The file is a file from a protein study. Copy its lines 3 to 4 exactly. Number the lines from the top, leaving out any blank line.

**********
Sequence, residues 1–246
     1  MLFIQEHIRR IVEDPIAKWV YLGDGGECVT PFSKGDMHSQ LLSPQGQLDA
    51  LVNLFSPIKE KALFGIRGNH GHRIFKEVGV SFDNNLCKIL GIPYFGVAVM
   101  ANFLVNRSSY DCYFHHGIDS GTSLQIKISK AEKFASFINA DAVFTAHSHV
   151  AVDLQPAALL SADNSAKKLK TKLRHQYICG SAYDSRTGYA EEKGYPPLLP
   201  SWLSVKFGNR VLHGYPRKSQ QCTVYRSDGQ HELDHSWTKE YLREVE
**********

    51  LVNLFSPIKE KALFGIRGNH GHRIFKEVGV SFDNNLCKIL GIPYFGVAVM
   101  ANFLVNRSSY DCYFHHGIDS GTSLQIKISK AEKFASFINA DAVFTAHSHV